--Solicit your co-workers to get involved in your personal political or charitable activities [Supervisor Solis?  Sheila? All y'all?] 

--Offer or accept anything of value, either directly or indirectly (through a third party), to gain an improper advantage for yourself or the County.  

--Facilitate payments to expedite a permit, license or action.  It is strictly forbidden at the county.  

[OK, at City of LA see Bob Blumenfield and Kevin James.]  

--Accept the services of prostitutes on dozens of occasions, and acknowledge that your family members accepted fine wines, hotel rooms, electronics, and luxury watches.  

--Admit having indulged in group sex. 

--Get caught overbilling by more than five million dollars by fabricating invoices, concocting bids tendered by nonexistent competitors to satisfy  acquisition requirements, while allegedly committing conspiracy to commit wire fraud and making multiple false claims. 

 

Never:  

--Keep detailed notes about cash, luxury hotel stays, international airfare and tickets to a Lady Gaga concert and a “Lion King” performance.  

--Engage in conduct unbecoming of an County official. 

--Write in an email, "It's been a while since I've done 36 hours of straight drinking." 

--Jot down – the who, what, why, when and where.

 

Sometimes:  

Discuss confidential business in public places such as elevators or behind a pillar at City Council meetings. 

Provide five-figure group gourmet meals at LA hotspots. including stays at Hotels that enjoy Transit Occupancy Tax consideration. 

Utilize County memorabilia in the commission of (only consensual) sex acts.

 

Always:  

--Erase emails to conceal crimes.

--Use good judgment and moderation 

--Block the installation of special equipment to detect overcharging schemes. 

--Blow the the whistle promptly and appropriately in comfort.

 

FAQ: 

When has a business courtesy gone too far? 

Once the effort to improperly influence anothers’ actions has succeeded. 

Can you guess the question?  

--Corruption and bribery are inconsistent with our value of fairness but we win with innovation and services delivered craftily.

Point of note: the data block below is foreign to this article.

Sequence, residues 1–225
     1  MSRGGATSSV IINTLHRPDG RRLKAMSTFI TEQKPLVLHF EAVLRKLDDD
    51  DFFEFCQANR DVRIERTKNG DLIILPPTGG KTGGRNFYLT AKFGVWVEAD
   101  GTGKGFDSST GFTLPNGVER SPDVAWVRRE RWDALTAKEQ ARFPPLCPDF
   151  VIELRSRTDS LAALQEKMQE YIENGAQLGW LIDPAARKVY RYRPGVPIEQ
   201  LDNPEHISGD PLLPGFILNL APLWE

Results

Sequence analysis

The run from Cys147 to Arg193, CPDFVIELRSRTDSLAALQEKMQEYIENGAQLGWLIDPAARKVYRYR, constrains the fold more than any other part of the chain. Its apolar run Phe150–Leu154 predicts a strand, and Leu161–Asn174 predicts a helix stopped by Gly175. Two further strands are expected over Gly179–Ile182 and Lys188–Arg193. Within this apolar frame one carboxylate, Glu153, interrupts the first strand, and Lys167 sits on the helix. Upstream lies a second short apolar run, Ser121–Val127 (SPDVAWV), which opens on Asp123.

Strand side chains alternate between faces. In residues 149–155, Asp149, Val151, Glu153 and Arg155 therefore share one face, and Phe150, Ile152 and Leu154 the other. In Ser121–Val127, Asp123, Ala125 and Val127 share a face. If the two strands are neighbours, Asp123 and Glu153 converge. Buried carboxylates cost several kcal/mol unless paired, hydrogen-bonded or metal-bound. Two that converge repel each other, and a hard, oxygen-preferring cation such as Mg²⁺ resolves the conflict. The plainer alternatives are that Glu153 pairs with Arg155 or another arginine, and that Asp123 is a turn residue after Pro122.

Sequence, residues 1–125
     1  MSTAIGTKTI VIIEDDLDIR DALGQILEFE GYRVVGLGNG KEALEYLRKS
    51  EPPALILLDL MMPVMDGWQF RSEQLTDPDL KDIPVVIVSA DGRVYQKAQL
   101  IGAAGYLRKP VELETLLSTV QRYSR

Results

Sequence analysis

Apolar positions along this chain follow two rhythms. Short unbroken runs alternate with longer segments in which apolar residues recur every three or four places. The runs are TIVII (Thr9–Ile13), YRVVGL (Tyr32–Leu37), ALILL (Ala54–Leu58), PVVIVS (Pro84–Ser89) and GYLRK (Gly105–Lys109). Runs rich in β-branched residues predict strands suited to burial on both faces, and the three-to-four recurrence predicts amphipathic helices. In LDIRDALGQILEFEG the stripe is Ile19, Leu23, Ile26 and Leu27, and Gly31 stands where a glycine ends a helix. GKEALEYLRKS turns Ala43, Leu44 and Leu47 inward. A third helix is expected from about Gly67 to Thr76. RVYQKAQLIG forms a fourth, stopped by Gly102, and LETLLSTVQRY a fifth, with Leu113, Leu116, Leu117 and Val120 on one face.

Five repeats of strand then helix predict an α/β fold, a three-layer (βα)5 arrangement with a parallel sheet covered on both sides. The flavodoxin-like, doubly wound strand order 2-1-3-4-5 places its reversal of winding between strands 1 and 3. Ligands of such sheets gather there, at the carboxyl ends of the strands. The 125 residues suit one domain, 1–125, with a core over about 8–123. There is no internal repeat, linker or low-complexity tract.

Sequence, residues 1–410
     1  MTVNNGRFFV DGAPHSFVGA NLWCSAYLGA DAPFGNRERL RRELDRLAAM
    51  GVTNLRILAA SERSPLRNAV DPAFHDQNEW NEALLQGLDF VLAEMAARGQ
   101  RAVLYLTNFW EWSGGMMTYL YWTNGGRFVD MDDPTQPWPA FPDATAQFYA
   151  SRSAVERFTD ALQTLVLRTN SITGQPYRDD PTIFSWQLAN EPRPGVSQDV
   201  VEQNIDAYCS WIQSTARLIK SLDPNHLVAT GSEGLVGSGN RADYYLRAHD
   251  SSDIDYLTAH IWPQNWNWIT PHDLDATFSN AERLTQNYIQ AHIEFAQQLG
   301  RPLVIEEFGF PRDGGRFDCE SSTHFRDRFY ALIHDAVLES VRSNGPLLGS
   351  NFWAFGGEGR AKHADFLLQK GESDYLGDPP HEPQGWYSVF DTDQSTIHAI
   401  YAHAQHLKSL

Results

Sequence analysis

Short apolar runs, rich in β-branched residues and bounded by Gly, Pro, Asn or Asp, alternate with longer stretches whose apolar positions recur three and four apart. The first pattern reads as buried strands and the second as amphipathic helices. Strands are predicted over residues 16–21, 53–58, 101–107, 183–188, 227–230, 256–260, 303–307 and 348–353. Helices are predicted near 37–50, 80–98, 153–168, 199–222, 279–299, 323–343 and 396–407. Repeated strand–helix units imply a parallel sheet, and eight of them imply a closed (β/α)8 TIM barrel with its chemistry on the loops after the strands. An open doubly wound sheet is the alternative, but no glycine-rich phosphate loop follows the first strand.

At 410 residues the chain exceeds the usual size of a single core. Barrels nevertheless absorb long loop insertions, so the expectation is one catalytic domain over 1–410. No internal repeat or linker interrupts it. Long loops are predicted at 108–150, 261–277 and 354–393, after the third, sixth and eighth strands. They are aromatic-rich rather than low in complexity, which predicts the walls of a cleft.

--Only share concerns with a co-workerif you are comfortable doing so. 

--Use good judgment when dealing with competitors or others at industry meetings, seminars and conventions.  

--Disclose conflicts. Most conflicts can be avoided or mitigated if they are promptly disclosed. However, failing to disclose an actual or potential conflict could cause a loss of trust and make the situation worse. [Eg. Sheila Kuehl and Peace Over Violence]

 

Best Practices: 

--Insist on winning the right way...   

--Be courageous enough to go after a Supervisor accused of accepting a job offer for a close relative; of providing charitable donations or political contribution and engaging in an unseemly partnerships.  

--Gather Competitive Intelligence. Get information fairly and legally – for example, through internet searches, media sources and CityWatch articles –never through deception or fraud.  

--Lead with integrity.  

--One bad choice – even if inadvertent – can have serious consequences for all of us, including Staffer B John Lee.

 

Pop quiz:

Our Commitment Re: Insider Trading -- As county residents or employees, we may know of material, nonpublic information (“inside information”) about companies the county works with.  Do we ever share that information to gain an unfair advantage?   

--occasionally

--always  

--sometimes 

 

True or False? 

On Tuesday the Board of Supervisors will Declare 20 California Travel Trailers located as follows as surplus property:  

--10 California Travel Trailers at 3606 Exposition Blvd., Los Angeles, CA 90016; and 

--10 California Travel Trailers at 8509 S. Broadway, Los Angeles, CA 90003. 

The worthy missions of both HOPICS, a division of SSG a non-profit organization founded in 1956 and St. Joseph, founded in 1976, as a non-profit multifaceted human services organization committed to serving people in need, and strengthening and building communities, is all we need to see to warrant the gift of public funds.

 

(Eric Preven is a longtime community activist and is a contributor to CityWatch. The opinions expressed by Eric Preven are solely his and not the opinions of CityWatch)